Biological Invasions

, Volume 16, Issue 3, pp 609–633 | Cite as

Casuarina: biogeography and ecology of an important tree genus in a changing world

  • Luke J. Potgieter
  • David M. Richardson
  • John R. U. Wilson
Original Paper

Abstract

Important insights on the invasion ecology of woody plants are emerging from the study of model groups, but it is important to test how widely such results can be generalised. We examined whether drivers of introduction and invasion in the genus Casuarina are similar to those identified for other groups. We reviewed the literature, mapped current global distributions, and modelled the potential global distribution of the genus. We assessed the rationale behind introductions, impacts of invasions, and the evolution of management approaches. Casuarinas have been introduced to about 150 countries. Ten of the 14 species in the genus have been introduced outside their native ranges, but only three species are recorded as naturalized or invasive (C. equisetifolia, C. cunninghamiana and C. glauca). Species with large native ranges are more likely to be introduced, and the three invasive species have the largest native ranges and the most records of introduction. There were no clear relationships between life-history traits (e.g. seed mass, plant height, or resprouting ability) and the extent of invasion. About 8 % of the Earth’s land surface is potentially suitable for casuarinas and large-scale plantings in some climatically suitable areas have not yet resulted in large-scale invasions; there is a substantial global Casuarina invasion debt. Experiences in Florida and the Mascarene Islands highlight that casuarinas have the potential to transform ecosystems with significant control costs. The challenge is to develop management approaches that minimise the impacts of invasions while preserving economic, environmental and cultural values of species in their introduced ranges.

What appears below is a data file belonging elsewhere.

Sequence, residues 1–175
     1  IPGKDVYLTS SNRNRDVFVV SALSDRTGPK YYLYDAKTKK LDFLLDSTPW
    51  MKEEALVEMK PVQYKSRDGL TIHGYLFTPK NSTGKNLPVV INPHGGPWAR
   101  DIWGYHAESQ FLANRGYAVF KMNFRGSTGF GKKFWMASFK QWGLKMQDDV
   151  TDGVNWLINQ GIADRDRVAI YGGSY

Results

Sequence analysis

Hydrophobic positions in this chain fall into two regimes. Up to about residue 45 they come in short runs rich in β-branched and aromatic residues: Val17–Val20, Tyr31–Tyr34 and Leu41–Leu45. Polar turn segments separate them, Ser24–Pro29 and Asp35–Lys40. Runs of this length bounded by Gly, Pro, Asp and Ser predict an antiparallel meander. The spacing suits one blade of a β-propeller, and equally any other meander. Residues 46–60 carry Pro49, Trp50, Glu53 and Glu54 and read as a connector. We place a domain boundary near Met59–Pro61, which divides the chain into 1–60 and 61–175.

Keywords

Biological invasions Casuarina Ecology Introduction Native range Management Tree invasions 

Supplementary material

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Supplementary material 1 (PDF 326 kb)
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Supplementary material 2 (PDF 121 kb)
10530_2013_613_MOESM3_ESM.pdf (105 kb)
Supplementary material 3 (PDF 105 kb)
10530_2013_613_MOESM4_ESM.pdf (169 kb)
Supplementary material 4 (PDF 168 kb)

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Copyright information

© Springer Science+Business Media Dordrecht 2013

Authors and Affiliations

  • Luke J. Potgieter
    • 1
  • David M. Richardson
    • 1
  • John R. U. Wilson
    • 1
    • 2
  1. 1.Department of Botany and Zoology, Centre for Invasion BiologyStellenbosch UniversityMatielandSouth Africa
  2. 2.Invasive Species Programme, South African National Biodiversity InstituteKirstenbosch National Botanical GardensClaremontSouth Africa

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